County to seek housing-crisis aid

January 06, 2009|By HEATHER KEELS

HAGERSTOWN -- The Washington County Commissioners voted Tuesday to apply for $1.18 million under a federal program created to help communities affected by foreclosure and subprime lending.

The county would use the funds for a new transit center and several programs that would help sell bank-owned properties in the 21740 ZIP code, where the foreclosure index is most severe, said Sonja Hoover, fiscal and research specialist for the Hagerstown-Washington County Economic Development Commission.

The funding, made available by the Housing and Emergency Recovery Act of 2008, comes from the U.S. Department of Housing and Urban Development's Neighborhood Stabilization Program. Maryland has been awarded more than $26 million and is distributing it through the Maryland Neighborhood Conservation Initiative program.

The state has given preliminary approval to the county's request, Hoover said.

Washington County's application requests include:

o $1 million for a lease purchase program that will allow the Housing Authority of Washington County to purchase properties that were foreclosed upon in the 21740 ZIP code and rent them out with an option for the renters to purchase them.


o $65,000 toward a new transit center for the county transit system.

o $50,000 for a down payment and closing-cost assistance program that would provide deferred loans of up to $10,000 to eligible buyers of foreclosed-upon properties in the 21740 ZIP code.

o $10,000 for a counseling program for potential buyers of foreclosed-upon properties in the 21740 ZIP code.

o $55,000 for administrative costs.

The commissioners voted 4-0 to apply for the funds. Commissioner William J. Wivell was absent.

Commissioner Kristin B. Aleshire gave his approval after the local officials who would administer the programs assured him that potential buyers would be screened and counseled to ensure they were prepared for the obligation.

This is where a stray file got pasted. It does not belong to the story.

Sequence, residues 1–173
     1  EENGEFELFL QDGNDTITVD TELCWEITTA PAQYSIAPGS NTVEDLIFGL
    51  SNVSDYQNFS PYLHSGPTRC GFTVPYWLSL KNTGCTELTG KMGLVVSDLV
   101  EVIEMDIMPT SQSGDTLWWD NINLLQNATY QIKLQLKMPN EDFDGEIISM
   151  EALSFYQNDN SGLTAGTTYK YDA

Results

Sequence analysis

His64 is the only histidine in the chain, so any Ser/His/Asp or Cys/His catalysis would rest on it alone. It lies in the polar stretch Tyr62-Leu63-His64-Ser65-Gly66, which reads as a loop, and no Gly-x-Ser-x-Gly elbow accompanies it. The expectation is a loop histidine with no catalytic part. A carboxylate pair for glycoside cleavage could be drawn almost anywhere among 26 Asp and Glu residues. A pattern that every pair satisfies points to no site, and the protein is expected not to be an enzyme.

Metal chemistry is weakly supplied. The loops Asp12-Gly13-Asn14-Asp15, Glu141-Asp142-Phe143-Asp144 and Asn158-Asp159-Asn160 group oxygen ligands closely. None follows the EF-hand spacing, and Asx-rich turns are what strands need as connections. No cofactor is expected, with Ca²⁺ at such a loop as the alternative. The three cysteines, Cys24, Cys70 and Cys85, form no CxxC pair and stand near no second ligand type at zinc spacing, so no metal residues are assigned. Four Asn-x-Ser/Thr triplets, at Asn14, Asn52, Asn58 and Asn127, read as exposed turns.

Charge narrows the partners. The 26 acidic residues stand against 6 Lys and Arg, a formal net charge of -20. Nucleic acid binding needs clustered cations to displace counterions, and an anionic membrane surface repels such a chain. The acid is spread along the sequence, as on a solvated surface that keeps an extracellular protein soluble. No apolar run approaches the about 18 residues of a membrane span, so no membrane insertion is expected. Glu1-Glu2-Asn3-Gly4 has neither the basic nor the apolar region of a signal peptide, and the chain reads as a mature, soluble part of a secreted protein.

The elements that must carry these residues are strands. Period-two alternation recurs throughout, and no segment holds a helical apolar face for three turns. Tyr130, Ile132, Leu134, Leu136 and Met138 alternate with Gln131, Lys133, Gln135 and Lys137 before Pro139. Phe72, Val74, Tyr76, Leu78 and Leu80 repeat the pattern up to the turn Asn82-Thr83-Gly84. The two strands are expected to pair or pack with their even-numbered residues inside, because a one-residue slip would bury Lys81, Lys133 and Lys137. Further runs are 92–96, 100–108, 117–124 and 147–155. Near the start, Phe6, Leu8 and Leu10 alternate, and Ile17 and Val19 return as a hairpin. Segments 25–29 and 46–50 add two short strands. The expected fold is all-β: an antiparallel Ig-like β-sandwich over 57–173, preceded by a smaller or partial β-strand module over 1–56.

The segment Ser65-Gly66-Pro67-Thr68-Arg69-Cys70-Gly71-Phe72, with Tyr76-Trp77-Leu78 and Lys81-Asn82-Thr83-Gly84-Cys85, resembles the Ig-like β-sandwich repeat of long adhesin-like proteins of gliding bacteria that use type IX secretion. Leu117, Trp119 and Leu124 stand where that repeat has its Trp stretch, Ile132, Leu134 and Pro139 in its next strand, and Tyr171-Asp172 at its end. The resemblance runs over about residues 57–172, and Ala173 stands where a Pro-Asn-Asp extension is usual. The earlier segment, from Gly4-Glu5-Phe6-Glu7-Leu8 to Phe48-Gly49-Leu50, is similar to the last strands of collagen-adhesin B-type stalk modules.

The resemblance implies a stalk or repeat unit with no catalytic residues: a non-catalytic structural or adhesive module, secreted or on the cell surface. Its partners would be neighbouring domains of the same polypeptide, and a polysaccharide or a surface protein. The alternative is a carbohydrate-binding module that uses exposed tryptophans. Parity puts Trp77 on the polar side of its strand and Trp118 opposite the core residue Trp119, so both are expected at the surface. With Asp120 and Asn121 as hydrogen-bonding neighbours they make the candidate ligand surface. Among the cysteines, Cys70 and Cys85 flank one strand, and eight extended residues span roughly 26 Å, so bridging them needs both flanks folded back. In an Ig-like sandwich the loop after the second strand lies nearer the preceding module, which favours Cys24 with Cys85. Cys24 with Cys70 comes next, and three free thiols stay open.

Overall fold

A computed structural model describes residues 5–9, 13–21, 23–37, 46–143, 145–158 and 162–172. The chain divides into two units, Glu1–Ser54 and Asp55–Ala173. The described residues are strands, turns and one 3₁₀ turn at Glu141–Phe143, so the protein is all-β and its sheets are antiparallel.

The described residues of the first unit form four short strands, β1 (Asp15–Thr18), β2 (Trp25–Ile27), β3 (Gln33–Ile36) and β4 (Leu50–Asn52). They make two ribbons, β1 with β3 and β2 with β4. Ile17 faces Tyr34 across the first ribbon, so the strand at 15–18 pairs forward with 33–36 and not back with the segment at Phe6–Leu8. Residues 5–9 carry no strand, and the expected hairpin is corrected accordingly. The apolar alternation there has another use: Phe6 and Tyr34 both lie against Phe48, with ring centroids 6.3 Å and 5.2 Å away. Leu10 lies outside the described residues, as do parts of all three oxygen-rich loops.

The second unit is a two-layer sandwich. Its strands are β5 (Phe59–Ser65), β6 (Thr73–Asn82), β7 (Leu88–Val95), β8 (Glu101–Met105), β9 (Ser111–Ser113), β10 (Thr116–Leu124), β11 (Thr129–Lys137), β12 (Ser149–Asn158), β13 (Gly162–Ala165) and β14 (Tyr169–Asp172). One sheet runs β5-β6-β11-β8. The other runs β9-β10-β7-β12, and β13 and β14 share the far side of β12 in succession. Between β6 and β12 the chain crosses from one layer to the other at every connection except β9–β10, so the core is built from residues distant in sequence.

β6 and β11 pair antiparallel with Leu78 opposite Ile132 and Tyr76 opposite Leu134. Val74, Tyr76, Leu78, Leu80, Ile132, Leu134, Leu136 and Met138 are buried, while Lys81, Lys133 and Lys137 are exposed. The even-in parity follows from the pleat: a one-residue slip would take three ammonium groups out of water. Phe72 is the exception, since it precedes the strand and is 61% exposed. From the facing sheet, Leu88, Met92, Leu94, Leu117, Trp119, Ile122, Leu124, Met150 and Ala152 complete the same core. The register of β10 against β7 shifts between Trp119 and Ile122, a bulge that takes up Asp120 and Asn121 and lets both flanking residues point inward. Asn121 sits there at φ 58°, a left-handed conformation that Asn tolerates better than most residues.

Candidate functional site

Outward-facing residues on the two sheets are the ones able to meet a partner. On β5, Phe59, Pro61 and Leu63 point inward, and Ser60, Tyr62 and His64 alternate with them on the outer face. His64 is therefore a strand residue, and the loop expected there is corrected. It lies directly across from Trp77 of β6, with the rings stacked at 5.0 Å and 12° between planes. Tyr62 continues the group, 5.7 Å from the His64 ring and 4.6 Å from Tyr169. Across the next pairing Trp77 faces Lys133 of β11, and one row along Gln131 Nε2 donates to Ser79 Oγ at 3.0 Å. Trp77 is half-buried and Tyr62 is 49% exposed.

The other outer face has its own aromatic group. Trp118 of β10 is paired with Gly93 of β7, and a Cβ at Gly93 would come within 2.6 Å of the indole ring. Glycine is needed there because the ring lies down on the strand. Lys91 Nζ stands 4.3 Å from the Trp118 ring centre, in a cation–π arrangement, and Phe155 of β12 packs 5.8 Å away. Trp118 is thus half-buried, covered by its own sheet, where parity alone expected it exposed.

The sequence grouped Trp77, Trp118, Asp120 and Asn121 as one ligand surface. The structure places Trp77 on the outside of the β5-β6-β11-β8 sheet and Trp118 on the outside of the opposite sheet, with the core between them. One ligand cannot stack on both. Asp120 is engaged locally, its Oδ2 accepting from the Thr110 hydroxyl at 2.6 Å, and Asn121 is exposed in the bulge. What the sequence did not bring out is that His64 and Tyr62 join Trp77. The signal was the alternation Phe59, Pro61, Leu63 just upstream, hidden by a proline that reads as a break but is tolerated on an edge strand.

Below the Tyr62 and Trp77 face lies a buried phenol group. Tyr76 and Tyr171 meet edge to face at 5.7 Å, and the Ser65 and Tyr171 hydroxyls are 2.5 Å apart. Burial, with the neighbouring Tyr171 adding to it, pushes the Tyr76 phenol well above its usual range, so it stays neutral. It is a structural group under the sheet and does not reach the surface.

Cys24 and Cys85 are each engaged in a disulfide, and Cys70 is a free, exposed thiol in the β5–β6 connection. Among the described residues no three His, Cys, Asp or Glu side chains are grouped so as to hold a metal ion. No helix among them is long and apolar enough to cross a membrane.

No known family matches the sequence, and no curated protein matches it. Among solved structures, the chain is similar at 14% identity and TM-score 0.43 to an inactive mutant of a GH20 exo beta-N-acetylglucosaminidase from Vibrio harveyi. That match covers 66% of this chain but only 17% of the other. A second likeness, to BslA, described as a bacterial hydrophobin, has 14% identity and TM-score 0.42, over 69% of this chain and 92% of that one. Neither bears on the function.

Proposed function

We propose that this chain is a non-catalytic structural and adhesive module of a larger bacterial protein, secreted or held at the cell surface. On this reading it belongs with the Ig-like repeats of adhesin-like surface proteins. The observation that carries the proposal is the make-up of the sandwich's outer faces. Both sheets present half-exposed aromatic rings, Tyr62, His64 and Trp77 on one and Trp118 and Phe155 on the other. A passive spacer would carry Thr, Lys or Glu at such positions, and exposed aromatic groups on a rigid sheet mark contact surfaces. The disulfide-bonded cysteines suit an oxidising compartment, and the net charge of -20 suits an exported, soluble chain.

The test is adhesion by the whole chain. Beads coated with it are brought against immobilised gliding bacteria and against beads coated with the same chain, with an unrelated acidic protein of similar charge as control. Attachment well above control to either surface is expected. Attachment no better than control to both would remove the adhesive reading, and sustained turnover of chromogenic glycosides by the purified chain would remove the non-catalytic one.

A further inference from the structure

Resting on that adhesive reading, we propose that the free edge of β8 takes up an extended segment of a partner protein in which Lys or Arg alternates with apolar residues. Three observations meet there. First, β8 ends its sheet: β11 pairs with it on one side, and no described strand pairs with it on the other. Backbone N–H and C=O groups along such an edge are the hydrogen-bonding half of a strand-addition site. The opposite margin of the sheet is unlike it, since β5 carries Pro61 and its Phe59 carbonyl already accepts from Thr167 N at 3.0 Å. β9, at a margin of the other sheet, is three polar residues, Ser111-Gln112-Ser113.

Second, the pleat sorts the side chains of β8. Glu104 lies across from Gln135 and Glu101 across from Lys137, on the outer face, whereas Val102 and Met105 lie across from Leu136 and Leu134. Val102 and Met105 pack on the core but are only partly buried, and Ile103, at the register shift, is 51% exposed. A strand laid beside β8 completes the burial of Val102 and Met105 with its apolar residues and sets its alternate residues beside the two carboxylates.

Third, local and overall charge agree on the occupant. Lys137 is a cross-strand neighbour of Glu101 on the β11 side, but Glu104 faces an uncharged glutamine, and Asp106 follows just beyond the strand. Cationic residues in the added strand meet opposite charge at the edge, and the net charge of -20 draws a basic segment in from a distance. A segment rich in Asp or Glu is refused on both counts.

The lease purchase program funding would initially allow the Housing Authority to buy and rent out about five homes, but as participants buy the homes, the Housing Authority would reinvest that money in additional homes, Housing Authority representative Richard Keesecker said.

To be eligible for the lease purchase program, households would have to make less than 50 percent of the local median income, Keesecker said. For a family of three, 50 percent would be about $33,100.

They would have an option to buy the rental property at its current appraised value within the first year, and would be able to participate in a county program that provides counseling on credit, budgeting, employment and homeownership, he said.

To be eligible for the down payment and closing cost assistance, home buyers could not make more than 120 percent of the median income, said Sharon W. Disque, executive director of the Hagerstown Neighborhood Development Partnership.

The buyer would have to be purchasing a bank-owned property in the 21740 ZIP code to be used as his or her principal residence, would have to use the Maryland Mortgage Program and would have to complete housing counseling prior to signing a contract, Disque said.

If the assistance program is a success, money repaid by recipients likely would be reinvested in the program, she said.

The transit center is eligible to receive program funding because it would help redevelop a blighted site and support the county's transit system, which helps residents get and keep jobs, Hoover said.

The county wants to relocate the transfer point for County Commuter buses and Hopewell Express shuttles from its current location under the railroad bridge on West Washington Street to the lots the county recently purchased at the corner of North Prospect and West Franklin streets, Real Property Administrator Joe Kuhna said. The new location would be more efficient and more convenient, he said.

The Neighborhood Stabilization funding would cover a large percentage of the cost of building the center, Kuhna said.

The aid the county is requesting from the program is relatively small compared to the magnitude of the county's foreclosure problem, Disque said.

In the first 10 months of 2008, more than $49 million worth of property was seized through foreclosures in Washington County, Disque said. Nearly all of those foreclosures were residential properties, and about 70 percent were the owner's principal residence, she said. The average value was $200,000, she said.

In the 21740 ZIP code, which includes part of Hagerstown and extends north to the Pennsylvania state line, there were 462 foreclosures from the first quarter of 2007 through the third quarter of 2008, according to the Maryland Department of Housing and Community Development, which classified the foreclosure index in that ZIP code as "severe," the second-highest of its five classifications. The 21742 ZIP code foreclosure index was classified as "high."

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